How to Interpret Marketing Data for Beginners

August, 25 2022

Have you ever been presented with a spreadsheet filled with colourful columns and impressive charts - yet not knowing what all of this data represents? Collecting the data is one thing. Making sense of it, well that’s another.  

Read further to learn about how you can interpret data in an insightful way to benefit your organization.


Marketing is all about the numbers, making it easy to get lost in all of the data. The key to building your marketing strategy is to translate your organization’s marketing goals into hard targets to consistently monitor and report on each quarter. Data is extremely easy to misinterpret and miss out on key performance indicators (KPIs) that could be integral to your organization. In this blog, we are going to dive into how you can properly interpret data in a way that is beneficial to your organization, and ultimately grasp a high-level understanding on the importance of interpreting data to make stronger business decisions. 

Integrating reporting into your organization’s digital marketing process is essential. It’s about identifying and by gathering the right data, and interpreting it to make informed decisions. We also advocate that you track the data to validate your choices.

Now let’s get into a discussion on how to interpret data.

What is Data Interpretation?

All data tells a story, and when read correctly a smart marketer is able to improve an organization's performance. Aside from setting the right key performance indicators (KPIs) such as social media traffic and lead conversion rates, you must first choose metrics that you can analyze on a consistent basis over time so you can connect those metrics back to your business goals.  

Insights capture what humans are doing, while metrics help you capture the subject matter most valuable to your company. Interpreting data is not just about monitoring click through rates and engagement and it is crucial to understand the human side of interpreting data. We have some pointers to help you do that.

Key Data Points 

Here are some helpful beginner key data points you can use when interpreting your organization’s metrics:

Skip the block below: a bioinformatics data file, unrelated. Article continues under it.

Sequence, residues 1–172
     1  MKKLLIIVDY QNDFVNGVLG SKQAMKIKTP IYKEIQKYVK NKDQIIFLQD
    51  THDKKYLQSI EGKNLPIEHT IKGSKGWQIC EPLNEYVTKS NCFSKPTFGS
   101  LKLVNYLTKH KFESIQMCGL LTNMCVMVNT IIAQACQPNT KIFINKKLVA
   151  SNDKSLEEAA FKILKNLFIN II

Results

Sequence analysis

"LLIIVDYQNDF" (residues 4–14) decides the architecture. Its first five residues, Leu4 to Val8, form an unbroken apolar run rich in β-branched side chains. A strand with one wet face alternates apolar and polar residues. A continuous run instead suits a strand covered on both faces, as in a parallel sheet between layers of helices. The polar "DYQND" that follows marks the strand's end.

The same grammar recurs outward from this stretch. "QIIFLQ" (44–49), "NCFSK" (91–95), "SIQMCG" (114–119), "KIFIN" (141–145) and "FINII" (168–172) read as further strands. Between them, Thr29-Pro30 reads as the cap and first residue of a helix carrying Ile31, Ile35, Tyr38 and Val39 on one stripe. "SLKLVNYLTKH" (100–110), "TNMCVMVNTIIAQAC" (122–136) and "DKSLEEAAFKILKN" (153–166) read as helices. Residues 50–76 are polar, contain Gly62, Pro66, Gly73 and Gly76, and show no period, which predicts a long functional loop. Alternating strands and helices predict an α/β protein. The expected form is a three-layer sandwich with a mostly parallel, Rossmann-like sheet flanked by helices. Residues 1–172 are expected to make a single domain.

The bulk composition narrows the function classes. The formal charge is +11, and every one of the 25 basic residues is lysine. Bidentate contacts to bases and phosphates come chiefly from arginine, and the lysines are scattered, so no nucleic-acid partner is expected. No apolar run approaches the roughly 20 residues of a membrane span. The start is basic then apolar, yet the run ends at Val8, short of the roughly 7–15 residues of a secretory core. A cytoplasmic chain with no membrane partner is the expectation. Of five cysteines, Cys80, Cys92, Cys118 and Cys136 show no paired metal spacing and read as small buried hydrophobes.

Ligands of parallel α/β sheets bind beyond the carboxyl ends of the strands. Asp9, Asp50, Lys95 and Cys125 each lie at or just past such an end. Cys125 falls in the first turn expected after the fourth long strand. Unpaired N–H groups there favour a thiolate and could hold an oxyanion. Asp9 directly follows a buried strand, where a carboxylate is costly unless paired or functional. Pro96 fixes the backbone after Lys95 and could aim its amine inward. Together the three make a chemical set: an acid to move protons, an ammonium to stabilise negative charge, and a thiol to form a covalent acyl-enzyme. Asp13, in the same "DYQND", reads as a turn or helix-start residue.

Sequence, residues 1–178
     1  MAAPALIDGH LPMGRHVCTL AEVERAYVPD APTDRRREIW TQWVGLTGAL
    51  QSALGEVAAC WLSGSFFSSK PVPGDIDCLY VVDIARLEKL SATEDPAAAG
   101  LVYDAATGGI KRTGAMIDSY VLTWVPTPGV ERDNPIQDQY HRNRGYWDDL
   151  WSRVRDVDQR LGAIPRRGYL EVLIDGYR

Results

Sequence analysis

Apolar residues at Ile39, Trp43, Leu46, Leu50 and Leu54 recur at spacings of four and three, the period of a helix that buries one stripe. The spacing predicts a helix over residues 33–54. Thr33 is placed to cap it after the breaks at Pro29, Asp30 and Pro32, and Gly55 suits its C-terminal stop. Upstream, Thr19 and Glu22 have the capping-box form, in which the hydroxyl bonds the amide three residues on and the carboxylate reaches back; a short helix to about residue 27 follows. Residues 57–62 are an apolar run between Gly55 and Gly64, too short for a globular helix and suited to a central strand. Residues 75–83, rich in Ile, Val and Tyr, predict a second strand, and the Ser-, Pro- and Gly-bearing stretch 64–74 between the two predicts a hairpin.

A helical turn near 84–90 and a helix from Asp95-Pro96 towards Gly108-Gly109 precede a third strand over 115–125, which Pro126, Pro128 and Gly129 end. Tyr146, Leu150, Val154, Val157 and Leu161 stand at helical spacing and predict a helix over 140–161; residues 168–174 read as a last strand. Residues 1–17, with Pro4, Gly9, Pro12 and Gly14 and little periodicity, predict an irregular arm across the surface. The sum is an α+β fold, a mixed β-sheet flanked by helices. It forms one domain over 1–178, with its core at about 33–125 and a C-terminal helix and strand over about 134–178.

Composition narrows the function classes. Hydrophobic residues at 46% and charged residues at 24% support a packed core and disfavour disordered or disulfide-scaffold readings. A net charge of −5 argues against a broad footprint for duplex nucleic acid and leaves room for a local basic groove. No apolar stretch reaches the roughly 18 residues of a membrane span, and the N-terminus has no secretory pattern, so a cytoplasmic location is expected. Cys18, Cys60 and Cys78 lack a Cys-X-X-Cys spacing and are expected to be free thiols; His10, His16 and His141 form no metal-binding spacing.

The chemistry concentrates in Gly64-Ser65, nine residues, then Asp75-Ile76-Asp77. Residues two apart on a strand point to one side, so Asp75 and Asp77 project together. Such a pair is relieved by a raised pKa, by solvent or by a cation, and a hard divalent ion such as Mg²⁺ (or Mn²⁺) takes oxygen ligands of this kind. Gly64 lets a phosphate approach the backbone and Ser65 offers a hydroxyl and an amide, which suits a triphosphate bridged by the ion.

• Lead Generation KPIs: Lead generation KPIs such as new signups, returning visitors, sales calls booked, and quote requests are all examples of important KPI’s to include in your data reporting. 
  • Search Engine Optimization KPIs: Clear SEO KPIs including ROI (Return on Investment), organic visibility, organic sessions and keyword ranking are straightforward and excellent examples of data points you can communicate within your organization. Platforms like SEMrush, Ahrefs, SEO spider and many more are able to generate automatic reports that showcase all of these KPIs and more. 
  • Sales/lead growth KPIs: Sales and lead growth KPIs are an essential part of your digital marketing reporting and foster effective communication between the sales and marketing team.

Avoid Reacting to Data Highs and Lows  


Just like life, data has natural highs and lows. It is important to remember that data is driven by human reactions, and current events taking place in the world have the potential to cause a massive data swing. World events like weather events, Canadian tax deadlines, and COVID are all examples of events that swayed consumer data and caused a mass reaction which impacts your client’s website traffic. Instead of reacting to the potential loss of website traffic, you must dig a little deeper into the history of data and current events that were taking place during that time.

Managing Expectations With Industry-Specific Benchmarks 

Marketing KPIs and Click-through-rate per industry can vary widely. Comparing back to school consumer packaged goods advertisements in September to B2B promotional efforts during the holiday season is simply unfair. Instead of just determining a standard target, try implementing industry-specific benchmarks that display a clear indication of what the industry standard is. Calculating an industry standard is helpful for your marketing efforts to get a strong understanding of how each business compares to competitors. This calculation provides an opportunity for discussion on best practices to improve your marketing strategy.

Case Study 

Although it can be daunting as a beginner to understand how to interpret marketing data, we are here every step of the way to help guide you through the process and provide insightful, professional tips. Once learned, interpreting data correctly can have an extremely beneficial impact on your organization as a whole. 

We encourage you to check out Ballard Power Systems case study to observe thought leadership established through inbound marketing processes.


Ballard Digital Marketing Case Study 

Establishing thought leadership through inbound marketing 


Perry Boeker

Principal & Marketing Strategist A results-driven creative thinker, Perry is a marketing management professional with a proven record of achievement in Strategic Planning, Team Leadership, and New Concepts Development.